“The court in Butler v. Oak Creek-Franklin School Dist., 172 F. Supp.2d 1102, 1119-1121 (E.D. Wis. 2001), held that ‘rules and decisions governing participation in high school athletics must satisfy constitutional principles as applied and may not impinge on due process.’ This decision, though, was based on Wisconsin law, and is inapplicable as to whether Indiana provides an interest protected under the Fourteenth Amendment.
“The plaintiffs rely upon cases that do not support their claim of a protected interest. They ask this court to recognize property rights that Indiana courts haven’t recognized. The plaintiffs’ complaint, therefore, doesn’t state a claim under due process for which relief can be granted and should be dismissed. See, e.g., Phelan v. City of Chicago, 125 F. Supp.2d 870, 873-874 (N.D. Ill. 2000) (‘Because Plaintiff has not alleged that he was a career service employee and has pleaded no other alleged basis for a protected property right in his job, he has not established a basis of entitlement to his position as Ward Superintendent within the meaning of the Due Process Clause of the Fourteenth Amendment.’).”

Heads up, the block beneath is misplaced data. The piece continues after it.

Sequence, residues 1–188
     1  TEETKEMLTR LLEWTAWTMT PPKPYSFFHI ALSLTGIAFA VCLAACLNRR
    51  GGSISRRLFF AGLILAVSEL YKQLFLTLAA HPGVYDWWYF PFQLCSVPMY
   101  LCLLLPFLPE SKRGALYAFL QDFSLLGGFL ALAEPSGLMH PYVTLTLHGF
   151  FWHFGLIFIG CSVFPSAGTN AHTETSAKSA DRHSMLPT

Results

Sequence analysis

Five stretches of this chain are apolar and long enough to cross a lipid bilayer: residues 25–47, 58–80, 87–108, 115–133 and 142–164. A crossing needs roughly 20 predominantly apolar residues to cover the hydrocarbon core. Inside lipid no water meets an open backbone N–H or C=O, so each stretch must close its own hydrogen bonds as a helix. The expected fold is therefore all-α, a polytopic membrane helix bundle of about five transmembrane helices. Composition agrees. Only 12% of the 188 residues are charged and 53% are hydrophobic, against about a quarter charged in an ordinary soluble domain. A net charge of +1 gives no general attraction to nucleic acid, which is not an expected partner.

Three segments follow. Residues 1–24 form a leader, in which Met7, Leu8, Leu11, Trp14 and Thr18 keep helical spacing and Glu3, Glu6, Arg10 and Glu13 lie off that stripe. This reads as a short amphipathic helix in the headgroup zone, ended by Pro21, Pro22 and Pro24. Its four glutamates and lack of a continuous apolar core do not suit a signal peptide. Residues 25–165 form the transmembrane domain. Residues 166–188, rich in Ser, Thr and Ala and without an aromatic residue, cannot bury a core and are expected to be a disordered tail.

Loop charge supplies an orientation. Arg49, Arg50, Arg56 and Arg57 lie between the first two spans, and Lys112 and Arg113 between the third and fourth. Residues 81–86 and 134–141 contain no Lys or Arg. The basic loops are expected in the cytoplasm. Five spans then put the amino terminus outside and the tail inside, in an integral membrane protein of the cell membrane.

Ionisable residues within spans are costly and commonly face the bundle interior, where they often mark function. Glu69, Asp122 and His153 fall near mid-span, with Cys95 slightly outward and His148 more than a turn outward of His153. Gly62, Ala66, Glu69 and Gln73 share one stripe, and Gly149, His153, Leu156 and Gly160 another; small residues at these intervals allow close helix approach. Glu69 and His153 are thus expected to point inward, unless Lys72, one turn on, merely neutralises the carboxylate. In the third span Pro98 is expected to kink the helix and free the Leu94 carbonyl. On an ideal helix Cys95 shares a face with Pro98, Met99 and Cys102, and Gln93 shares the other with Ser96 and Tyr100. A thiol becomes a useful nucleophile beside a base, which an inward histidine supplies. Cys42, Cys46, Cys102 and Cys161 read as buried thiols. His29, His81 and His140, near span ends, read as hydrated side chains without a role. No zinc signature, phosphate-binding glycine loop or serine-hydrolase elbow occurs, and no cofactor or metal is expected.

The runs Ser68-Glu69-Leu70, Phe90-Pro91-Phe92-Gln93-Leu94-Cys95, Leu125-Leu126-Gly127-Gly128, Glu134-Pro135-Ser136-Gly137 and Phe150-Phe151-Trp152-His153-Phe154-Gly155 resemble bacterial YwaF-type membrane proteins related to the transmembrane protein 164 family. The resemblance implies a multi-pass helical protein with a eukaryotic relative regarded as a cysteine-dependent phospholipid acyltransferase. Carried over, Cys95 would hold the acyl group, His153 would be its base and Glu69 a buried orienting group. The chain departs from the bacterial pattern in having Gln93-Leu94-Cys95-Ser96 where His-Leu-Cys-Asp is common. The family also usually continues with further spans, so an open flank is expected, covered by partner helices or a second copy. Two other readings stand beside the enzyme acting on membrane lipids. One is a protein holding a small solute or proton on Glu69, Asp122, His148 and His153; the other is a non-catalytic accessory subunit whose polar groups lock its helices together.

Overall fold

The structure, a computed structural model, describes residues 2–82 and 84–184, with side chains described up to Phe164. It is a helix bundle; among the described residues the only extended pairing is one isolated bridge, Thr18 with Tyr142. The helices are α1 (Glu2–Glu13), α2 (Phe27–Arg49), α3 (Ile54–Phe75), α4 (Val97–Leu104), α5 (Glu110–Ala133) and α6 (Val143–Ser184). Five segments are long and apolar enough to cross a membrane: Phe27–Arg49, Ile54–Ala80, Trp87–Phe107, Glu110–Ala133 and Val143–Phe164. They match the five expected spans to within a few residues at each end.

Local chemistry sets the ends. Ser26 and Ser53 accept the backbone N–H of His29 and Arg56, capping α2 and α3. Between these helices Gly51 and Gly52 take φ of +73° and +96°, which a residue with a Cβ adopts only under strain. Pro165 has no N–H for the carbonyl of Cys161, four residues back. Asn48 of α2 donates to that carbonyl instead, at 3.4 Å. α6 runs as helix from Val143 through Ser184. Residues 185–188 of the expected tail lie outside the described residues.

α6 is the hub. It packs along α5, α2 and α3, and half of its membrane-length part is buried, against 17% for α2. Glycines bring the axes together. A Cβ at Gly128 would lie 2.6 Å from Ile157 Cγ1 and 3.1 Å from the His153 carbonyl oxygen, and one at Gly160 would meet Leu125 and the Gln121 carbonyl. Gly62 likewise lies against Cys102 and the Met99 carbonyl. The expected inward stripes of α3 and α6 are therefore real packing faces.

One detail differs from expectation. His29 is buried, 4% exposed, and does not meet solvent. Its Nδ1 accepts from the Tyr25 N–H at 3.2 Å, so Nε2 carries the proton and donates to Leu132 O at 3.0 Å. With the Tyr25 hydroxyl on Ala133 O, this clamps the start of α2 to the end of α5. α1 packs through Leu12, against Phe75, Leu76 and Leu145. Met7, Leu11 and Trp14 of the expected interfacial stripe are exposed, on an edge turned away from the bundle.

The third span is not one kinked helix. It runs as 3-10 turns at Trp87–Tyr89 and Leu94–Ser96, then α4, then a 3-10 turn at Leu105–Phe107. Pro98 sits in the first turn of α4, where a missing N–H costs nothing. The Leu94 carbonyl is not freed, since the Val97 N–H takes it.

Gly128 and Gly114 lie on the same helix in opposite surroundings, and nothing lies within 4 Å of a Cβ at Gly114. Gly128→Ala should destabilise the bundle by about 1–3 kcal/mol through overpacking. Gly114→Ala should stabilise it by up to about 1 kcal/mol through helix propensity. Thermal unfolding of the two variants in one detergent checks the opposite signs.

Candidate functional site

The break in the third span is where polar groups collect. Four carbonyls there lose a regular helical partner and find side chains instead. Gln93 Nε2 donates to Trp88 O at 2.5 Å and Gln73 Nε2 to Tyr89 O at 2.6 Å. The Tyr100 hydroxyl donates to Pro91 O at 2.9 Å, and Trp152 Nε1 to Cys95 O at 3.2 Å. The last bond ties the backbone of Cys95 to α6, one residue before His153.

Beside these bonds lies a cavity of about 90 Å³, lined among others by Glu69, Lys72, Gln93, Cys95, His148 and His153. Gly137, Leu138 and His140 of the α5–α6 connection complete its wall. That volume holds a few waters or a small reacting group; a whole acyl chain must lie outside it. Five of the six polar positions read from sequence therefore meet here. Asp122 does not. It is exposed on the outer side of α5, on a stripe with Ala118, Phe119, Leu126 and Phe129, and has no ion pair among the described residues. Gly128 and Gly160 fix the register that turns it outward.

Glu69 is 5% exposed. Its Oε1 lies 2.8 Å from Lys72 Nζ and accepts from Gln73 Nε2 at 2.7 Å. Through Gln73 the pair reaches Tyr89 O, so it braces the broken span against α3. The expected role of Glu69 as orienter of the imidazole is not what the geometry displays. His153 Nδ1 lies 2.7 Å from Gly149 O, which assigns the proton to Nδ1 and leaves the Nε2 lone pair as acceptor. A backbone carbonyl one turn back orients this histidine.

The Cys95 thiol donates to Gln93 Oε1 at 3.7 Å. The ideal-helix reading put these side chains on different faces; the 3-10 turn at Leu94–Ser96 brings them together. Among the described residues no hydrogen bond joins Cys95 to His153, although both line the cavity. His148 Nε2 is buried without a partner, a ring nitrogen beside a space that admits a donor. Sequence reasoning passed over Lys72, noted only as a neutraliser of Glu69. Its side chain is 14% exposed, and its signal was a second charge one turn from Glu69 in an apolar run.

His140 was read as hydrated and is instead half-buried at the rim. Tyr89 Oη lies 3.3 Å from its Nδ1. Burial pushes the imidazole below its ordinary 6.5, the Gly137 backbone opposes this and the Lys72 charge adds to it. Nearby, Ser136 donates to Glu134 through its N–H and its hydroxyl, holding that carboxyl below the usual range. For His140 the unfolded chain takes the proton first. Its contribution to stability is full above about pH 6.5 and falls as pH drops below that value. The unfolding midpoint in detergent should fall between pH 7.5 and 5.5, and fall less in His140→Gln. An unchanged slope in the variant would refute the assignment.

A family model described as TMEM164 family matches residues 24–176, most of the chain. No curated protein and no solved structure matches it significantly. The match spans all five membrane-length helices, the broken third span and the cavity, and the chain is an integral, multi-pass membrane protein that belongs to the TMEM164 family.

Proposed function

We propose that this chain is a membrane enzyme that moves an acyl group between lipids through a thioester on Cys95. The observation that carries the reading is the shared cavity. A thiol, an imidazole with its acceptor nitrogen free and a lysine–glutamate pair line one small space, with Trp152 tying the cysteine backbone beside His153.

Finally, the court held that the proffered state law claims should be decided by an Indiana state court.
D.N. a minor b/n/f Kim Huff v. Penn Harris Madison School Corporation and Penn High School; N.D. Ill.; CAUSE NO. 3:05-CV-716RM; 2006 U.S. Dist. LEXIS 70605; 9/18/06
Attorneys of Record: (for plaintiffs) Stephen R Bachmann, Granger, IN. (for defendants) Thomas E Wheeler II, Locke Reynolds LLP, Indianapolis, IN.